Timothy and Cheryl Coker


Here, Cheryl and Timothy Coker are in Greece on their way to a concert with their students—where you'll usually find them.

Music is a powerful thing. It allows people to express their creativity, convey emotions, and it can foster community between like-minded fans. Music can also cause people to fall in love. Just ask Timothy and Cheryl Coker, who have shared a life working with music.

"We've enjoyed doing a lot of things together with music through the years, and that's very special," Cheryl says.

The Cokers met after Timothy transferred to the University of Southern Mississippi in Hattiesburg in 1967. It was their junior year of undergraduate school, and they were both studying music. Cheryl was a piano accompanist for the choir when Timothy began playing for the choir as well.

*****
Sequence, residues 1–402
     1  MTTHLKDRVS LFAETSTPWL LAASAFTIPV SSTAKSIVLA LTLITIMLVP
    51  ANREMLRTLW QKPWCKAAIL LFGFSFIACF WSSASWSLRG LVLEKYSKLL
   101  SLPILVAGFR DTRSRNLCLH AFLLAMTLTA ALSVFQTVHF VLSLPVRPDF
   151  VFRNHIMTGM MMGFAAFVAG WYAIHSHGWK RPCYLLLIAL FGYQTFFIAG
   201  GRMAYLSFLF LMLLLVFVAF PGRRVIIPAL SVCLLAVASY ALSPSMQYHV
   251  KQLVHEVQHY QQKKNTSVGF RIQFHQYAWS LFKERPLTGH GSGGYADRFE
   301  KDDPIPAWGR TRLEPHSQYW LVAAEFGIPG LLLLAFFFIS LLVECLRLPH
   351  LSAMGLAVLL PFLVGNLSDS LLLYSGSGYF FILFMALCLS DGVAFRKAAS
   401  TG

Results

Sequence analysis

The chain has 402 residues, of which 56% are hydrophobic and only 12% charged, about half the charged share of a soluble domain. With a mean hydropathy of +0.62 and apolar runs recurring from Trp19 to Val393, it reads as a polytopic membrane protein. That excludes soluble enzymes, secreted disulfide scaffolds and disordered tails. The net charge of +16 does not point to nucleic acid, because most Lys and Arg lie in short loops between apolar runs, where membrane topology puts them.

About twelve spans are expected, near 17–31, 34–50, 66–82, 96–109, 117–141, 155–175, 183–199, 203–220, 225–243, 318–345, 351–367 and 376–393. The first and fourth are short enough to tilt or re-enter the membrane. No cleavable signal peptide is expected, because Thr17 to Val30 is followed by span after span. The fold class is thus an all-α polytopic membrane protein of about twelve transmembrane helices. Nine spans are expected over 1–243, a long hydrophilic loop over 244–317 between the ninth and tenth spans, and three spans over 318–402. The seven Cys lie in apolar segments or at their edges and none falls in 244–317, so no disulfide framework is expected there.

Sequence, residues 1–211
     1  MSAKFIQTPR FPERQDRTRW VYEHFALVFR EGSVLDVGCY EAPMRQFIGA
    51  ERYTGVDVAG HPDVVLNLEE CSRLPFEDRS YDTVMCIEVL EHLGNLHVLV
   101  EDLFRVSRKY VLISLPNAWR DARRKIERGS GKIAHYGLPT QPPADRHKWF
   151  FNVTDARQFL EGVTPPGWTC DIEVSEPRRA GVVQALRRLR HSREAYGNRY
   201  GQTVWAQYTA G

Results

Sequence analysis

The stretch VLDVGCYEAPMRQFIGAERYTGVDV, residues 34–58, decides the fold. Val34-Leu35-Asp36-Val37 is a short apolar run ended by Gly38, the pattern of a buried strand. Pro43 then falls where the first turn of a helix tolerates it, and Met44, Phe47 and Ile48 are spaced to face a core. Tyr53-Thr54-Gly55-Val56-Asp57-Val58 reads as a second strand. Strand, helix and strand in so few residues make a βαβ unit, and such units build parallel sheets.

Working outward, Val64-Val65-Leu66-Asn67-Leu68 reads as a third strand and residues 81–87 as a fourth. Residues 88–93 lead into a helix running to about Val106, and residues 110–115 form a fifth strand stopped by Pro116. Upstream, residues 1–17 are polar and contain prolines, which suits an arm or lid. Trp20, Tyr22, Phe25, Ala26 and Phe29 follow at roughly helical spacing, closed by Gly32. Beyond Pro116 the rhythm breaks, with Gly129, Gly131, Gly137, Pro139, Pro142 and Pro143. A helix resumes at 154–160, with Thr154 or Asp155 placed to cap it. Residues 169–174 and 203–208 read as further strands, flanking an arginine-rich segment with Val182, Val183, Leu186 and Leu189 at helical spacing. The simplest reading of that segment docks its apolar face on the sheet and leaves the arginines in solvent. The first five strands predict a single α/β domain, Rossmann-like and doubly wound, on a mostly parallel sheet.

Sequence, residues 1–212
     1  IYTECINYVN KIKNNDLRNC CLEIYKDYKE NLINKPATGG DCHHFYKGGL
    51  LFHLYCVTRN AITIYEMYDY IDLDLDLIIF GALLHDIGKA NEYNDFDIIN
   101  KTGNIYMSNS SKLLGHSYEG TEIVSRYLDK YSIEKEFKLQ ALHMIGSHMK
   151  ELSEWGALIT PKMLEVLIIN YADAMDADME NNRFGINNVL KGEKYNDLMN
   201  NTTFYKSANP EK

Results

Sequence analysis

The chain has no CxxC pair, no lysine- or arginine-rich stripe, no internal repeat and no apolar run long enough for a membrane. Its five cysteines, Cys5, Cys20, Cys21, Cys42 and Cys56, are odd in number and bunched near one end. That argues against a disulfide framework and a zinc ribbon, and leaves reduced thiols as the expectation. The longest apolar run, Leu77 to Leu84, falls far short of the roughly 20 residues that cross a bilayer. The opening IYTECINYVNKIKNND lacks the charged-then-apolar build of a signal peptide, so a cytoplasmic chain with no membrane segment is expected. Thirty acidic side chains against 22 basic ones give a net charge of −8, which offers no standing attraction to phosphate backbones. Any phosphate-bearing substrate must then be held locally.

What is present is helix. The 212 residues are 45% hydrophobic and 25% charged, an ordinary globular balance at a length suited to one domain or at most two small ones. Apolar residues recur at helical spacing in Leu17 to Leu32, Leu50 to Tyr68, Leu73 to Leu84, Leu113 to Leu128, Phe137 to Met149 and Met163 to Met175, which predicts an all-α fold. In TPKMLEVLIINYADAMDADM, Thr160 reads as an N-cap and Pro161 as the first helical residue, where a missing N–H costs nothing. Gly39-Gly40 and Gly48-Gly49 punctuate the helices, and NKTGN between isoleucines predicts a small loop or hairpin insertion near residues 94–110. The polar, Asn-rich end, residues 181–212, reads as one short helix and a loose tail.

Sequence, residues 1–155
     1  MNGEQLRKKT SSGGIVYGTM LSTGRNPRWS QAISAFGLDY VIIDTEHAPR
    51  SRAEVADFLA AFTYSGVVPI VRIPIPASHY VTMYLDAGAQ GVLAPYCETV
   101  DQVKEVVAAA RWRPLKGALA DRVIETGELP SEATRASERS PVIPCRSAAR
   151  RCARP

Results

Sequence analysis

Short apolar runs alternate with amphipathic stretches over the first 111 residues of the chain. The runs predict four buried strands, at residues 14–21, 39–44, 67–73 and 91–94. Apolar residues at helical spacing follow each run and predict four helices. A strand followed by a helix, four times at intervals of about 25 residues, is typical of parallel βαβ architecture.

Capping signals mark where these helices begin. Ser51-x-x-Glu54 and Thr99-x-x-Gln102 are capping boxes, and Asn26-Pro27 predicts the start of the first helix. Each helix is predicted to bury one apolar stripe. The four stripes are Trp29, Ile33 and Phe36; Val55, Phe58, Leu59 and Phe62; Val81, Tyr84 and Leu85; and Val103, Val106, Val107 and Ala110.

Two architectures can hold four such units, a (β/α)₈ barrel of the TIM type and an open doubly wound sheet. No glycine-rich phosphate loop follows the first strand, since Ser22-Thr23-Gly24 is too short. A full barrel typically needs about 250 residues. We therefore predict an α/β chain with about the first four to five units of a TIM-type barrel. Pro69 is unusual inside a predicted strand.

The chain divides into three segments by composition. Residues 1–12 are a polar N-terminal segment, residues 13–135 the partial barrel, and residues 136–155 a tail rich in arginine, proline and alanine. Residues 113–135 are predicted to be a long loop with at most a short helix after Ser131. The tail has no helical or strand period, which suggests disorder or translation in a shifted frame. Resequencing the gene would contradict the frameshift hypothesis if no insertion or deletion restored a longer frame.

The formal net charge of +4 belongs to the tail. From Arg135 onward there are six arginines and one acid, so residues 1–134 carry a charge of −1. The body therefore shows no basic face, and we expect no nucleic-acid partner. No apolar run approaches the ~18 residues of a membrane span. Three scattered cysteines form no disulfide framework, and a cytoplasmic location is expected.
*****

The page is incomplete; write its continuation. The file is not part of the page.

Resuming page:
"We worked together a lot," Cheryl recalls. "That's how it began. We were friends and coworkers. ... We learned about each other that way and we have continued to work together."

Aside from working together on campus at Southern Miss, the Cokers also worked together at a local church. Timothy was the youth director and youth choir director, and Cheryl helped him with his duties.

Although they spent a lot of time together, the Cokers only went on one "official" date before they were engaged.

"I didn't have a car on campus, and she didn't, either. (My) job took up my whole weekend," Tim says. "We only had one date where we went off by ourselves and went to see a movie. We saw ‘Gone With the Wind.' We had just done a lot of things together so we knew each other very well."